M*CARBO Brotherhood

What Firearm Do You Keep In Your Vehicle?


#82

@Omnivious That is something I also completely agree with.


#83

@jeffing65 @Omnivious I could not agree more. People ask why I have so many “duplicates” in my firearms collection.

One reason is I want to ensure that no matter who is using the weapon it is absolutely familiar to them.

Another reason is I want my truck gun, carry gun, and house gun to be the same muscle memory.

Final reason it makes the gunsmithing and repairs just sooo much easier!


#84

I keep a G31s in my locker down.


#85

I have a Springfield XD-S 45 in a cabled lock box in my vehicle for dire emergencies.


#86

Okay guys…here is my EDC for the vehicle! (Keep in mind I live in the Pacific Northwest…it makes more sense then.) Lol

Also keep an EMT bag, food & water, fuel, and some tools in the truck.


#87

@Johnksg It makes perfect sense to me. :ok_hand: My hunting buddy carries a Stihl. My personal choice is an Echo.


#88

I only keep the one that is on me as my EDC. I do keep a machete and logging chains in the back , with some water.


#89

I don’t normally keep a gun in the vehicle although a quirk in Kentucky law actually encourages it. While employers can ban guns on premises, they cannot prohibit an employee from keeping a firearm in the employee’s car. When I do keep one in the vehicle it is a Ruger EC9s that I bought used, but like new in the box with all components, for $189. If it gets stolen, my concern will be the potential liability and not the cost of the firearm.

As a side note, I have to say that this inexpensive little handgun shoots remarkably well and I have been very happy with it. The only real frustrations are the inability to change or adjust the sights and certain “features” common to most Ruger semi-automatic handguns.


#90

@jeffing65 Stihl is the most popular but that little Echo can sit for over a year in the truck with same fuel and start on the first pull!

Can’t tell you the number of times I have had to clear a tree out of the road to get home.

@godallmighty a big :+1: on the chains! It never ceases to amaze me how unprepared folks are when they go into the woods. They keep the special vehicle SAR team busy all year! I also keep a pioneer kit and tarps as well. The machete is useful for making trails through the new growth of the old clear cuts.


#91

I gonna climb on my soapbox and preach a bit on truck guns…

I don’t live in the city, but the woods have there own hazards. From getting stuck, vehicle breakdowns, predators (especially the two-legged ones), and weather.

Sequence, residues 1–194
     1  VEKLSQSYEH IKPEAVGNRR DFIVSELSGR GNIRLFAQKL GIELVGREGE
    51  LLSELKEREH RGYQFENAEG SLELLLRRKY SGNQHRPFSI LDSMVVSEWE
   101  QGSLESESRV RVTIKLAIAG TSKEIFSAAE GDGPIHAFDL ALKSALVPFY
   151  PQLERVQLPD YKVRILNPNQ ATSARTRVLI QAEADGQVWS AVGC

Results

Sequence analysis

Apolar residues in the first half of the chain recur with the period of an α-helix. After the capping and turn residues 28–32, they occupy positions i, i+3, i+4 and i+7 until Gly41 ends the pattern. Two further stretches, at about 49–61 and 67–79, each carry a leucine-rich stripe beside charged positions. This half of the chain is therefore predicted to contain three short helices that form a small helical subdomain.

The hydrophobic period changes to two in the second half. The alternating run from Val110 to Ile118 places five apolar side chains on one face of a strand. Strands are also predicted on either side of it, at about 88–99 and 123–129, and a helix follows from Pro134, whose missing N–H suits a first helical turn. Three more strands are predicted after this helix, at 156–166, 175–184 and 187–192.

Folks tend to go to the seclusion of the woods for nefarious activities.

I always carry a sidearm, but it sure is comforting to be able to pull out that old AK when need arises! I have had that MAK90 since 1992, bought it for $150 and it came with 500 rounds of ammo. It has been customized over the years and has shot so many rounds I have lost count.

It dropped a bear one night at 75yards, and it was in my hands when I stumbled upon a crew of car theives dumping a vehicle in the woods. In all those years I have never had a single malfunction and it is very accurate out to 150yds!

It gets banged around, dirty, but it always goes bang!

For those of us in the country a good truck gun can put meat in the freezer and gives peace of mind when there is no way to call for help.

For awhile I was using my S2K, but then I came to my senses and went back to the one that has never let me down!

Can I get an amen?


#92


Practice with my truck gun in the back pasture. Being “country” has its advantages! (And yes, I am wearing muck boots…it is a pasture after all!)


#93

I have to drive 90 miles to get back to my “country” but when I do I have one 30 acre civilized parcel to play on near town and another 100 acres in the middle of nowhere that is about as wild as it gets in Central Kentucky. Even there, you have to watch your backstops because of surrounding farms. Shooting the neighbor’s prize bull creates all kinds of problems.


#94

@JoeFridaySays yeah, don’t do that! Shooting someone else’s livestock is always a “no bueno” move! Lol

My family homestead (5 generations) is located in a fold of the mountains so I have 180 degrees of backstop to shoot into.

There is an “etiquette” to country life that I miss…you don’t show up to someone’s door with your hands hidden. You keep them in plain sight, even raised above your head, because you know there is a shotgun on the other side of that door! You help each other out, learn to doctor your hurts, and share food. You pitch in and work! A neighbor needs hay harvested? Someone needs a barn repaired? Horses or cows broke the fence and are loose? Your neighbors will help!

Most of all we were our own law enforcement. My brother, the sheriff deputy, calls that region of the county the “wild west!” Fine with me! If there is trouble I could call on neighbors ( and vice versa) to deal with situations.

We have a highway that runs from Eugene to the coast. We also have a hippie “country fair” in a neighboring town were they smoke pot, beat on drums, and run around the woods nekkid.

One year I woke up to about 20 tents in my lower pasture. They had cut my fence and cows were loose.

I called the store and in about half an hour had eight armed men to evict the trespassers! (I still get all warm and fuzzy thinking about the reaction of those potheads as they spilled out of their tents!)

I don’t want to live anywhere that I can’t have a good truck gun and chainsaw close at hand or an old shotgun leaning up behind the door!